An interesting trademark case recently was filed in federal district court in Minnesota, Chevron Intellectual Property LLC et al v. MDW Equity Partners, LLC, a pdf copy of the complaint here.

As beleaguered BP‘s once valuable goodwill and reputation continues to flounder in the court of public opinion with the tragic gulf oil spill and disaster (by the way, how would you like to manage the Gulf oil brand nowadays?), oil industry giant and direct competitor Chevron takes an aggresive, but comparatively trivial step toward protecting its valuable goodwill and reputation, against alleged tarnishment by the land owner of property located in St. Francis, Minnesota (population 4,910 as of 2000), where a former franchisee apparently used to lawfully operate a Texaco service station, up until a little more than a year ago.

By my reading of the complaint, this is not the familiar fact pattern of a holdover franchisee whose right to use various licensed marks is terminated and the terminated franchisee unlawfully continues to operate its business using at least some of the previously-licensed marks. This is also not the petroleum franchise fact pattern recently addressed in March 2010, by the U.S. Supreme Court, in Mac’s Shell Service v. Shell Oil Products Co.

No, the present fact pattern in the Chevron trademark case, to me at least, raises the pivotol and threshold question of what constitutes "commercial use of a mark," and what legal recourse a trademark owner has when there is no longer any business being conducted at an abandoned service station, and the former-franchisee apparently has no control over the physical property any longer, yet tradmarked signage and trade dress remains affixed and visible on property maintained in a "dilapidated condition," with "boarded-up windows," "unkempt (sic) grounds," and "an overall appearance of disrepair, neglect and abandonment," as shown in the photos below:

It is pretty clear from these photos, provided to the court by plaintiff Chevron, that no business or commerce is being conducted at this former-Texaco service station location, and, it is also pretty clear from these photos that no goods or services are being offered or provided there in connection with the Texaco marks. Perhaps that is why no claim of likelihood of confusion or trademark infringement has been asserted.

Instead, Chevron, owner of the Texaco trademarks and trade dress, selectively has asserted claims based on three different trademark theories:

  1. Federal Trademark Dilution, 15 U.S.C. 1125(c);
  2. Minnesota Deceptive Trade Practices Act, Minn Stat 325D.44; and
  3. Minnesota Trademark Dilution, Minn Stat 333.285.

Notably absent from Chevron’s complaint is any claim for breach of contract, especially given Chevron’s allegation that the defendant land owner "was obligated and instructed to fully remove the Texaco Marks" from the property. Of course, any franchise agreement worth its salt requires the immediate removal of all trademarks, even non-traditional trademarks, upon termination of the trademark license agreement. But, it appears here, that the defendant and current landowner is not the former franchisee and has no contractual relationship with the trademark owner.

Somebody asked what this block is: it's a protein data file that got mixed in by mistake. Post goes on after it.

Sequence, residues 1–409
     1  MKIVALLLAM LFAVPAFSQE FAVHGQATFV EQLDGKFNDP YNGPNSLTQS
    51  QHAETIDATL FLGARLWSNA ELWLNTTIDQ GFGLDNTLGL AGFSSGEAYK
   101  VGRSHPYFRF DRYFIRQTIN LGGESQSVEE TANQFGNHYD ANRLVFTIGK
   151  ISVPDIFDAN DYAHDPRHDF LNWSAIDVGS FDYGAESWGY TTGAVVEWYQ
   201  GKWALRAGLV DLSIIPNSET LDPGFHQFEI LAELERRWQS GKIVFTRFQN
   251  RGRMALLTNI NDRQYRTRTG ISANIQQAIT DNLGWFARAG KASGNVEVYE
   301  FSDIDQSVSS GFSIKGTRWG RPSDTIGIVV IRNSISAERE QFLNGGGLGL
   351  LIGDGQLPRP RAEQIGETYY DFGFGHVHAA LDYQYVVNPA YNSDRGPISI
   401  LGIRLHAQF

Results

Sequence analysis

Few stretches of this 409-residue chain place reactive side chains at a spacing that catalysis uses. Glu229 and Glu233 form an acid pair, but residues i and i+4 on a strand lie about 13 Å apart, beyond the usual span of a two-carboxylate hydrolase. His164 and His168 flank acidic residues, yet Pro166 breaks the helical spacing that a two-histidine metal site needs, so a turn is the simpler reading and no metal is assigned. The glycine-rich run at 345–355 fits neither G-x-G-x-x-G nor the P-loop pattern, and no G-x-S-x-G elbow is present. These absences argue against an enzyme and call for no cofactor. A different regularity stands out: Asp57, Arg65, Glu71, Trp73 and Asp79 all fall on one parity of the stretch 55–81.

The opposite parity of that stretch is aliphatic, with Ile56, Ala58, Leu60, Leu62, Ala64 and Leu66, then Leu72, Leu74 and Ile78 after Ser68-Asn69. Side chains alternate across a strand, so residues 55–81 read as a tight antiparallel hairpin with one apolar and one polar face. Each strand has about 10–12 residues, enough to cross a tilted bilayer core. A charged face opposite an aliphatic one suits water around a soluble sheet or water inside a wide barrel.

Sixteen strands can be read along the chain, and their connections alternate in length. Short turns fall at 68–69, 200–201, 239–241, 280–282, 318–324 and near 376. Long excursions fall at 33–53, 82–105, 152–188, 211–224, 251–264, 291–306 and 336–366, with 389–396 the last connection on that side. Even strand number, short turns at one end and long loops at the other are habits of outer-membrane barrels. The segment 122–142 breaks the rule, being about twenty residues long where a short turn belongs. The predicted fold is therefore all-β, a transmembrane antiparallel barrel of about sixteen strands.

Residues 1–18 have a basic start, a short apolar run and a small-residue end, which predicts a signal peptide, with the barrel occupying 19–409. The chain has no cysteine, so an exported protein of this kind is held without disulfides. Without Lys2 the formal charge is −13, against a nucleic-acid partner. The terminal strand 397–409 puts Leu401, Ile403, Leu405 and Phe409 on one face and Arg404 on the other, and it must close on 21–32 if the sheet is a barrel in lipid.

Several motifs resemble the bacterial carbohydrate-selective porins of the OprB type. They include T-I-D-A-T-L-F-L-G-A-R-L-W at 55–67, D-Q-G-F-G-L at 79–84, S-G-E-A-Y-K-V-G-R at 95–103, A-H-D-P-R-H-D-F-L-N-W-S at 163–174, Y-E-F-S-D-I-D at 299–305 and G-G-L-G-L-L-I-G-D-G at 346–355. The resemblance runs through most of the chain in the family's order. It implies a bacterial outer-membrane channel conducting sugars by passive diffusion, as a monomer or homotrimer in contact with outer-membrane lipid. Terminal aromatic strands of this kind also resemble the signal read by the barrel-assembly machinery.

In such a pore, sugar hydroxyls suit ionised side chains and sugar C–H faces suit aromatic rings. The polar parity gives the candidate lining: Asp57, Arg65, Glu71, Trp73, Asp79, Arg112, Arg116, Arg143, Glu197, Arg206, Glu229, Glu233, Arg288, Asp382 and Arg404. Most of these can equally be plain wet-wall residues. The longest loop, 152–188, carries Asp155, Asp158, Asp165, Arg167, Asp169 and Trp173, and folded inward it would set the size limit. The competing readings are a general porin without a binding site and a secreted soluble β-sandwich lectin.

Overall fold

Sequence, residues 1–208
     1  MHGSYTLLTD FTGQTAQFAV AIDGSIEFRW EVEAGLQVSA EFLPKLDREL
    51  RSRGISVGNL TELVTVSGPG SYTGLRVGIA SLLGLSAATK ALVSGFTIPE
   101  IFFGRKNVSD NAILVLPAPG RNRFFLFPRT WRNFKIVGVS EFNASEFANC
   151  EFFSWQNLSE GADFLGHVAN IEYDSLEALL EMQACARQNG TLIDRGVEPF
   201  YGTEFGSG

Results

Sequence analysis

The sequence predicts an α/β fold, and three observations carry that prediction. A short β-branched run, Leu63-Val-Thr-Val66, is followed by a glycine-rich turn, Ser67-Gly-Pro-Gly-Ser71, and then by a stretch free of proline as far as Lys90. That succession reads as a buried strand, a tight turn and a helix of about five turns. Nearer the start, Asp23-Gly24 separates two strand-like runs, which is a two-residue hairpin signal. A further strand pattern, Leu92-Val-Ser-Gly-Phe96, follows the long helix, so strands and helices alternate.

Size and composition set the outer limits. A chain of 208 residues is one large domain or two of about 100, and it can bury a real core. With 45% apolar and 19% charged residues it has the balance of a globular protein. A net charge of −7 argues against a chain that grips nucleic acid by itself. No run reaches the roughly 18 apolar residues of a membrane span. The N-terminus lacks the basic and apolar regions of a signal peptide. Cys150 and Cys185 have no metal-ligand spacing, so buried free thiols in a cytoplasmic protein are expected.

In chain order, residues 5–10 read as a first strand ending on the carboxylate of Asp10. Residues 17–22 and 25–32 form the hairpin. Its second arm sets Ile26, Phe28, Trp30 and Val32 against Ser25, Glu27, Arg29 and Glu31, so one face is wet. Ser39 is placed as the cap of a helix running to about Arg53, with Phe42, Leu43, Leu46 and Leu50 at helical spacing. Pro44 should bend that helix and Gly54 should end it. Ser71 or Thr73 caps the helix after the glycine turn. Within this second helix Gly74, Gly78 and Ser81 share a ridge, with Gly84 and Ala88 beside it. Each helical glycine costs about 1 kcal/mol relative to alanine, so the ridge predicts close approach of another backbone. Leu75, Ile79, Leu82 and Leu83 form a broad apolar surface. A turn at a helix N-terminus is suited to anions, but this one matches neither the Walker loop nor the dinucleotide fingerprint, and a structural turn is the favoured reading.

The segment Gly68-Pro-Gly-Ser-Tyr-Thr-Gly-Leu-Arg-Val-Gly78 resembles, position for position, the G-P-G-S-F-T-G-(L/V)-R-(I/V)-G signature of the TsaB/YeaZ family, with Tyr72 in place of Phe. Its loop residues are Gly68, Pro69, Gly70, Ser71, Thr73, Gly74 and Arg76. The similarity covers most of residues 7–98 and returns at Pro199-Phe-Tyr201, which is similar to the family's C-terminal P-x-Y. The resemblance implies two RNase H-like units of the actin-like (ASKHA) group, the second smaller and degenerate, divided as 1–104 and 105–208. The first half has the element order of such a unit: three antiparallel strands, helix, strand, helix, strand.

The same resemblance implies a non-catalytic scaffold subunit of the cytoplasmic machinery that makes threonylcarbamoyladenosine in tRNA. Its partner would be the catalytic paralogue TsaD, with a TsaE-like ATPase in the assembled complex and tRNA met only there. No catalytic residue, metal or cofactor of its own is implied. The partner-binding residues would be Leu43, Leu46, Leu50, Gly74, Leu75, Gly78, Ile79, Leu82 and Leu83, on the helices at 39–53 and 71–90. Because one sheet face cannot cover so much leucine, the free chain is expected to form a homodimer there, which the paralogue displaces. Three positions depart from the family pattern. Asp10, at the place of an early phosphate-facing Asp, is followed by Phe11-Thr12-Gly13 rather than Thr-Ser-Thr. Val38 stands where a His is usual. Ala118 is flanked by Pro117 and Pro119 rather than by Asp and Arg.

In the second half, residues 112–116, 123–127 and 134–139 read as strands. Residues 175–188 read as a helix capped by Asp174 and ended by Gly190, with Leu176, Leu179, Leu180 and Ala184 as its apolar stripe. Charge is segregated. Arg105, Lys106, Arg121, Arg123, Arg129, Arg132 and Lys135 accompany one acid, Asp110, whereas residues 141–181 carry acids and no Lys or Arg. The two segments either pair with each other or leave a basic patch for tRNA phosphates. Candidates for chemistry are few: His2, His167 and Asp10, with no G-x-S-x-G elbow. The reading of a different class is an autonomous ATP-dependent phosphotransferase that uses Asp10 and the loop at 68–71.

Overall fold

Even if so, the question remains, are the trademark dilution and deceptive trade practice laws appropriate vehicles to compel or otherwise fuel the removal of trademarked signage and trade dress from land and property where no business or commerce is being conducted and the trademark owner apparently failed to obtain contractual obligations directly from the land and property owner? Moreover, is there any reasonable claim of dilution or tarnishment here, assuming Chevron can overcome the initial hurdle of the "commercial use" requirement? And, if so, what about Chevron’s claim for monetary relief, requesting damages, treble damages, lost profits, and attorneys’ fees? Can anyone explain how Chevron might calculate lost profits given the status of the admittedly abandoned service station?

With respect to Chevron’s request for injunctive relief, importantly, the federal dilution statute does not apply or provide any protection whatsoever without "another person’s commercial use in commerce of a mark" and the Minnesota dilution statute similarly requires "another person’s commercial use of a mark" before any liability attaches. So, how can there be either a valid federal or state dilution claim with the requisite "commercial use" of the Texaco marks when there is no business or commerce being conducted? Similarly, how can there be deceptive trade practices with no trade?

Even in the days when the dilution laws probably were stretched beyond their intended scope to provide a needed remedy for cybersquatting activities well before enactment of the federal Anticyberpiracy Consumer Protection Act (ACPA), to have the necessary "commercial use" of a mark for dilution liability, even if there were no goods or services being sold on the website associated with the domain, it was required for the owner of the offending domain name to offer for sale the domain to the owner of the trademark comprising or contained within the domain name.

Here, there is no business or commerce being conducted at all, no ransom payments or other forms of commercial extortion, apparently just a dispute over the cost of removing trademarked signage and trade dress from an abandoned service station in a town of less than 5,000 people.

Do you suppose the lawsuit could have been avoided if Chevron had been willing to cover the cost of removing its marks from the abandoned property? How much do you suppose it might cost to hire someone in St. Francis to remove the above trademarks and trade dress from the abandoned service station? I’m thinking far less than the cost of preparing and filing the complaint, but what do I know?